identify the best quenching approach for
chloraminated DBP samples but no final
recommendation could be made.
The study found that the direct reaction of
monochloramine with dissolved organic
matter (DOM) is the major pathway for HAA
formation during chloramination and that
when preformed chloramine is used, 80%
of the DBPs are in the form of DXAAs. The
study determined that formation was much
slower than reported in previous studies,
but no kinetic equations were developed.
Wastewater was looked at as a possible
source of DBPs and precursors for systems
that use river water downstream from
a wastewater discharge. Contribution
of Wastewater to DBP Formation
(2008, order #91206/project #2948)
found that high levels of ammonia in
wastewater upon disinfection results in
chloramination and formation of HAAs
and N-nitrosodimethylamine (NDMA). The
river ecosystem promotes the degradation
of each DBP in different ways; HAAs are
biodegraded, NDMA is photolyzed, and
THMs are volatilized. Wastewater plants
that nitrify well have lower ammonia
levels and when disinfected, form higher
levels of THMs. As human sources do not
contribute significantly to humic material,
much of the halogenated DBP precursors
in the wastewater effluent originate from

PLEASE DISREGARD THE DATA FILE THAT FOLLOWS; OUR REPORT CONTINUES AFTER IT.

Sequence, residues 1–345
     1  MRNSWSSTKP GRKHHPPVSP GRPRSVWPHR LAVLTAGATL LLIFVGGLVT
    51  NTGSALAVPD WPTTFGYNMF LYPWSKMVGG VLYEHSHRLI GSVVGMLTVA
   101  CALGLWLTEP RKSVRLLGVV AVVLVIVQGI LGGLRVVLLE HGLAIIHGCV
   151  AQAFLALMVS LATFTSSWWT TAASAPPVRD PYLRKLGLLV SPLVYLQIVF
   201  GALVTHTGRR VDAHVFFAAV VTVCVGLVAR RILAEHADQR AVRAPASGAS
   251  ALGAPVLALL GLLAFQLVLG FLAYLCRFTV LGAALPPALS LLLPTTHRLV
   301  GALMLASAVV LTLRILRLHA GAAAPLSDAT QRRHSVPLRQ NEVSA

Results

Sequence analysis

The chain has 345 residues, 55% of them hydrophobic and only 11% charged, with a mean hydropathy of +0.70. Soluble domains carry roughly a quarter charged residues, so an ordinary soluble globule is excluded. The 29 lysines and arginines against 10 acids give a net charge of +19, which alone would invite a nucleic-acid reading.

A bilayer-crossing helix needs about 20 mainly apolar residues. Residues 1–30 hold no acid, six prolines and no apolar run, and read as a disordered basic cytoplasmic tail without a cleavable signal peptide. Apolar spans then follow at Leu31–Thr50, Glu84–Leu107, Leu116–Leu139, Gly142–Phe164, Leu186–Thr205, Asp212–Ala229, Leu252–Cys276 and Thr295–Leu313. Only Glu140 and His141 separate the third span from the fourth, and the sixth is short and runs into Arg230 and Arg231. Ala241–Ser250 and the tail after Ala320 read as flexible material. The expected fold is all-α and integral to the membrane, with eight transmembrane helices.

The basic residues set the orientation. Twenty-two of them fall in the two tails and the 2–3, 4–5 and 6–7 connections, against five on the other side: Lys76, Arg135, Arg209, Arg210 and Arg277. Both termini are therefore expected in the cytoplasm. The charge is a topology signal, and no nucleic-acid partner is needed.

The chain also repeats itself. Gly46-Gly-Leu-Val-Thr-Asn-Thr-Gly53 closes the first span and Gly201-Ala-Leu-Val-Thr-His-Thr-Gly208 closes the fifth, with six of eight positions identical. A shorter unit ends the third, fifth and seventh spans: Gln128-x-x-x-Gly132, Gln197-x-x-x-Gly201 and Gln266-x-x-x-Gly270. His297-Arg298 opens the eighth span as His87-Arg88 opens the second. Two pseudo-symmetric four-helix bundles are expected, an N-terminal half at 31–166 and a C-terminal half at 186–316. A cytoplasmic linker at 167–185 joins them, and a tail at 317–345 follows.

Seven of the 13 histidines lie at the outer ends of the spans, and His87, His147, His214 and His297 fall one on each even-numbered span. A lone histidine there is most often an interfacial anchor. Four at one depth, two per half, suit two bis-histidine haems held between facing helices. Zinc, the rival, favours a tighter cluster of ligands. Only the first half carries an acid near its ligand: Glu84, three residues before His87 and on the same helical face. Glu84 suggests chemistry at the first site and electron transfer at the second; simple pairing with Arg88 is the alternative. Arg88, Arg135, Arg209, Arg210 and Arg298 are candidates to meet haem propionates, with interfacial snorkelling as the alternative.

disposal of drinking water with high NOM.
Nitrogenous DBPs were a different matter
and are discussed in the unregulated/
emerging DBP section of this issue.
A lot of research has been published on
DBP formation mechanism, reactivity, and
control at the treatment plant, but very
little was known about fate and transport
of precursors through the watershed to
the plant intake. Long-Term Variability
of BDOM and NOM as Precursors in
Watershed Sources (2007, order #91186/
project #2868) examined the fate and
transport of DBP precursors in watersheds.
It studied the generation of DOC at the water
source and its cycling in the ecosystem.
The project conducted a survey of over 500
utilities concerning their DBP and precursor
(TOC and DOC) data collection. Most of the
utilities had extensive data on precursors.
One of the most surprising results was that
THM and HAA precursor levels were very
uniform across the continent. Bench-scale
experiments were conducted with real leaf
litter biodegradation. The experiments
showed that significant DOC was leached
in 24 hours from pine, maple, and oak
material, while SUVA levels increased after
81 days of biodegradation in all species.
Two watersheds were analyzed over several
seasons. The data showed that precursor
level actually decreased with increasing
TOC. This, along with rain event data,
showed that the first flush was generally
high in TOC, but low in reactive precursors.
Younger TOC that has not undergone
biodegradation is not as reactive as aged
TOC and tends to form less DBPs.
A quantitative model was developed and
calibrated. It had parameters for many
different classes of NOM such as proteins,
sugars, lignins, etc. The model accounted
well for actual DBP formation. It predicted
that biodegradation would increase precursor
levels and that tannins and lignins would be
the most reactive for THM formation.
A large survey of utilities was compiled into
a database to look for temporal and spatial
variations. Generally, TOC levels increased
in more populated areas and decreased
in rural locations, however, there was no
strong, consistent correlation. Wetlands
were shown to be a major contributor to